In Japan, Jobs Outnumber Workers Due to Aging Population and Shrinking Birth Rates: Researchers

By Aldgra Fredly
Aldgra Fredly
Aldgra Fredly
Aldgra Fredly is a freelance writer based in Malaysia, covering Asia Pacific news for The Epoch Times.
July 29, 2022 Updated: July 29, 2022

Japan’s job availability ratio increased for the sixth consecutive month in June, indicating an increase in hiring across industries, according to data released on Friday.

The jobs-to-applicants ratio climbed to 1.27 from the previous month, indicating that there were 127 job openings for every 100 job seekers in Japan, The Mainichi reported, citing data from the Japanese labor ministry.

The hotel and restaurant industry was doing particularly well with a 30.9 percent increase in job openings compared to 2021, due in part to the loosening of border controls for international travelers to Japan.

The unemployment rate remained unchanged at 2.6 percent in June, although the seasonally unadjusted number of unemployed people decreased by 210,000 from the previous year to 1.86 million people.

In its annual report on the economy and public finances, the Japanese government said that local businesses must raise wages in tandem with price hikes.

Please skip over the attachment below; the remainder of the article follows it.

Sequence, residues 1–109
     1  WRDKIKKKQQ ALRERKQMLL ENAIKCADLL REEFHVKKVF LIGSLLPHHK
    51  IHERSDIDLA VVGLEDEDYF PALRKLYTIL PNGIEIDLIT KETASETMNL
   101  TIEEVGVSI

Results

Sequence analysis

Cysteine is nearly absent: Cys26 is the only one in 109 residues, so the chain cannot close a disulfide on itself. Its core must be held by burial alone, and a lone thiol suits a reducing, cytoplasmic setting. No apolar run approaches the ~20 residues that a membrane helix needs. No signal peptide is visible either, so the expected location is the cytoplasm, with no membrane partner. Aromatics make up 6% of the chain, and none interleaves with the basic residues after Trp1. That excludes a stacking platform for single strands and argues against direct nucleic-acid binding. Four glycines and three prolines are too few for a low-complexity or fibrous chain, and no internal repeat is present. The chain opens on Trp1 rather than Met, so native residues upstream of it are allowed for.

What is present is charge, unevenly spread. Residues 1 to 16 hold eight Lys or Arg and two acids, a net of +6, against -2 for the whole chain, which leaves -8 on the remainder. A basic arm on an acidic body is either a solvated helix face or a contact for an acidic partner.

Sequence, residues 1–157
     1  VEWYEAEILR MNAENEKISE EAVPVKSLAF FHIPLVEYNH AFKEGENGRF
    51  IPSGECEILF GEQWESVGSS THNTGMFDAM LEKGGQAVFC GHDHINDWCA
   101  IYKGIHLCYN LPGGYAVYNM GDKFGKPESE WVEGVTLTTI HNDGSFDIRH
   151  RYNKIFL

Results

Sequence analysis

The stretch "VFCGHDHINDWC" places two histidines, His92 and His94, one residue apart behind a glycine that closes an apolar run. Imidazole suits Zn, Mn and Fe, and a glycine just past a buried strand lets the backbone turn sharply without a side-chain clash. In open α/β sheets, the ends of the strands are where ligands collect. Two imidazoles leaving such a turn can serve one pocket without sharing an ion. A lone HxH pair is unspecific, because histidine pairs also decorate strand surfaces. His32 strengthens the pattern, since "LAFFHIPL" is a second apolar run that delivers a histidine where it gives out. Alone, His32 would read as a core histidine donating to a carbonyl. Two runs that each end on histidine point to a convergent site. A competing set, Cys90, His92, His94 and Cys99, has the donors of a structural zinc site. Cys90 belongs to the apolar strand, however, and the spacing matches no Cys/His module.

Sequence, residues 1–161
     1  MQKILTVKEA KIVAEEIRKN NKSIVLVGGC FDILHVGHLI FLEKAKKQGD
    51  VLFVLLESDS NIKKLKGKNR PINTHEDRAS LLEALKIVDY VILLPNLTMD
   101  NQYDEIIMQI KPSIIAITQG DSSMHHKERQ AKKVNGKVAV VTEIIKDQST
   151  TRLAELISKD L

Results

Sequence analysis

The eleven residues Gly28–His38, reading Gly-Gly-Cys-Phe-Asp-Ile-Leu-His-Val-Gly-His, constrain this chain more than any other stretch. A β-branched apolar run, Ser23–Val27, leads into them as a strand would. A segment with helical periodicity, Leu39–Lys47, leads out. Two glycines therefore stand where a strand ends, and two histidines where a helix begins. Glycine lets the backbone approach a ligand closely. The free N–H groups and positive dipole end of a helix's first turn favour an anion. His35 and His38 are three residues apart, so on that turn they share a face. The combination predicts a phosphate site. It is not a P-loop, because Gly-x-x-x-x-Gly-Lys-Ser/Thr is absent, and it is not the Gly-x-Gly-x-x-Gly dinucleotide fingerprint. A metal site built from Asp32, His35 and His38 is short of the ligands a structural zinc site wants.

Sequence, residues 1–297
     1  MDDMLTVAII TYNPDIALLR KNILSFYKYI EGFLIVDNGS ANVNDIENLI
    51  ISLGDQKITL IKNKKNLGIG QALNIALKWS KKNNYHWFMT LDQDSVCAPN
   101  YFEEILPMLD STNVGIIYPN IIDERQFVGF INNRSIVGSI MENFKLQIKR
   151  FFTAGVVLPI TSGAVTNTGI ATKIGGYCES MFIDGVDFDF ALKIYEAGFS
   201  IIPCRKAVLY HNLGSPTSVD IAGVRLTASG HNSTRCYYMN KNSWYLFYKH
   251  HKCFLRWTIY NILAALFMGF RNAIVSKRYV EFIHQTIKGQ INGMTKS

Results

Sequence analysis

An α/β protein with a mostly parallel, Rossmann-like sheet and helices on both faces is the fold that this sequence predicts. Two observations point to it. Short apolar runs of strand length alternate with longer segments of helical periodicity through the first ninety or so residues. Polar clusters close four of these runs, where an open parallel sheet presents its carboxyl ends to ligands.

“To get [the country] out of deflation, it is vital that nominal wages rise in line with price increases and growth in labor productivity,” the report stated, according to Kyodo News.

Shrinking Working-Age Population

Teikoku Databank, a Tokyo-based market researcher, surveyed more than 1,100 organizations in May and discovered that 45.9 percent of organizations polled faced a labor shortage, Nikkei Asia reported.

Japan will need to boost the number of foreign workers to 6.74 million by 2040 to sustain average annual economic growth of 1.24 percent, a group of Tokyo-based think tanks said in February 2022.

The think tanks, which include a research arm of the Japan International Cooperation Agency, projected that Japan would lose more than 10 percent of its domestic workforce over the next two decades.

Japan’s population peaked in 2008 and has declined since then to about 125 million due to the nation’s low birth rate, and the working-age population is shrinking even more quickly due to aging, researchers said.

According to the ASEAN+3 Macroeconomic Research Office (AMRO), Japan’s working-age population dropped from 87 million in 1993 to 75.3 million in 2018, resulting in a severe labor shortage in the country’s economy.

“Aging population, coupled with a low fertility rate, results in a declining working-age population. This not only hurts a country’s growth potential but also affects negatively Japan’s fiscal sustainability in social expenditure,” AMRO said in a 2019 report.

Reuters contributed to this report.

Aldgra Fredly is a freelance writer based in Malaysia, covering Asia Pacific news for The Epoch Times.